Although Senate President Miller was in attendance to support a fellow Prince Georgian this was not an endorsement as several Brown aides reminded me. This however was a “stamp of approval and qualification” according to them.

Problems and Potential Hiccups

It was impressive to see the number of supporters in the crowd at the Community College. There were several key constituencies missing at this rally. Where were Baltimore City, Howard and Montgomery County politicians? Where were the Business leaders of the state? Maybe they are waiting until he shows up in their backyards to stand with the candidate. You would think some of them would be with him every step of the way.

Is the state ready to elect its first Black governor?  There are still portions of Maryland that find the concept both foreign and unacceptable. Others will question why that subject is on the table to begin with. The number of conservative Democrats in the state is diminishing. You really can’t worry about those who will not vote for you, but you must maximize your voters. I’m hoping the ugliness of racism is buried, but I doubt it.

Living on the legacy of your predecessor is good way to start. Members of the GOP have been hammering the governor on his varied programs from the last legislative session (repeal of the death penalty, gun registration, gas tax increase and other initiatives). The governor has been confident that he’s right and won the day. I’m not certain if he’s awoke a sleeping giant, but he’s definitely got a lot of them “fired up.”(I saw them daily in Annapolis.) The numbers don’t bode well for an attempt to change the political narrative.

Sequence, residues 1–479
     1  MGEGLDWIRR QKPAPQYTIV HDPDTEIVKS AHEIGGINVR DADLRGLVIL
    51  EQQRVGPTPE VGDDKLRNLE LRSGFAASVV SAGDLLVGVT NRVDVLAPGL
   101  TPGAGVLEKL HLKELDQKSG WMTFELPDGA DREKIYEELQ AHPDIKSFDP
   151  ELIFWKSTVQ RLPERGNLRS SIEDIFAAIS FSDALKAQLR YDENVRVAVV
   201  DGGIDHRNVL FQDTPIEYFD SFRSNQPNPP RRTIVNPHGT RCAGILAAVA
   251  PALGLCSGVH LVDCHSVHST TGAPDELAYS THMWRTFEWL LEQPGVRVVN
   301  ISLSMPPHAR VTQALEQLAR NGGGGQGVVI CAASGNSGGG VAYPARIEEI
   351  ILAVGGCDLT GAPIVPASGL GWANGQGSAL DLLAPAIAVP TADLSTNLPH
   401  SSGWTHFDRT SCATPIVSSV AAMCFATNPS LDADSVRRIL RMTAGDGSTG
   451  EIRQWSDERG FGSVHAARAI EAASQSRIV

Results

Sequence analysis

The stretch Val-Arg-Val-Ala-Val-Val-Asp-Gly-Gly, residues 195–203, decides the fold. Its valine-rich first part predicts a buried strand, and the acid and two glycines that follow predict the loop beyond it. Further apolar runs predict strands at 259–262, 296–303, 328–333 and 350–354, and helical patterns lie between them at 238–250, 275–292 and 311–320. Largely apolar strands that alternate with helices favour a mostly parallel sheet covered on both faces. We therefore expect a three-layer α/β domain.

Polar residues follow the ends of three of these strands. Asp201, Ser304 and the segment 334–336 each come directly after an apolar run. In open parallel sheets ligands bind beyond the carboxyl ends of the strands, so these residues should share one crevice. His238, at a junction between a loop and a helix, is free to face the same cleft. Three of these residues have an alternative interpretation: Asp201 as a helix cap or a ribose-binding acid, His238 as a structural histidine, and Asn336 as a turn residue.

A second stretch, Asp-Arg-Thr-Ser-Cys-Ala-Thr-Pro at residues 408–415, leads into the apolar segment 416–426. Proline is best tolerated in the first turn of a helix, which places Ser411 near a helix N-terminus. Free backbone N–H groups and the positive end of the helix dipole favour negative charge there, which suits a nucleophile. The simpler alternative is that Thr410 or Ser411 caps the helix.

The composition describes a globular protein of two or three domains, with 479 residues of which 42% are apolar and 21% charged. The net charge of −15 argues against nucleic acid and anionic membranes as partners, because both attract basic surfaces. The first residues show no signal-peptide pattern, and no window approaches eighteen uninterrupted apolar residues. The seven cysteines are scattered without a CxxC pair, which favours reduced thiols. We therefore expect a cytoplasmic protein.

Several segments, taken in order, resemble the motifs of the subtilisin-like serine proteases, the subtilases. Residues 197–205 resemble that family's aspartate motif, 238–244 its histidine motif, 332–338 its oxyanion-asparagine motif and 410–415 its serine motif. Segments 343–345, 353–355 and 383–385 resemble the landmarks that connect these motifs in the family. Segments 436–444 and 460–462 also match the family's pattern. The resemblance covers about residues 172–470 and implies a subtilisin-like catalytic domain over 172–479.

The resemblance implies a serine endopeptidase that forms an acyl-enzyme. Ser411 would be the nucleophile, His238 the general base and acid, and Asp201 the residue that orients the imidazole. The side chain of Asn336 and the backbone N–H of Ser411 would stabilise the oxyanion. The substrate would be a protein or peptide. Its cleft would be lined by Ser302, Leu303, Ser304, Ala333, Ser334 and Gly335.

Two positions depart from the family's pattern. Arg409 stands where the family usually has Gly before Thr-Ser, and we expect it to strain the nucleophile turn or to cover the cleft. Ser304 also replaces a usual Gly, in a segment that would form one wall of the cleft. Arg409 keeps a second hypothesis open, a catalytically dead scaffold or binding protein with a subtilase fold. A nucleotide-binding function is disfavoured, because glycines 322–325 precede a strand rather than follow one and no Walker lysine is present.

I personally discounted the rumor of a Brown/Ulman ticket. My sources tell me the Howard County Executive has setup an extensive campaign group which believes it has a better than average chance of becoming the Democratic gubernatorial nominee. Observers acknowledge however that a pairing of this nature would be "a slam dunk," In talking with Brown observers they smiled at the suggestion. One even suggested the early poll numbers show Ulman has little chance of gaining ground because of name recognition. This puts Brown and Ulman in the same quandary, name recognition. You can change the formula by buying name recognition or being at the right place at the right time (coming out first definitely benefits, but is it sustainable). 

Brown is as squeaky clean as they come. He wasn't a party to the varied politicians in the county who were linked to scandal (Jack Johnson). His closest brush with any impropriety came in his divorce to his first wife. It happened during his first term as Lieutenant Governor. It was quietly done without the ugly innuendos which  have plagued other politicians. He has since remarried and takes care of his own children and the son of his current wife.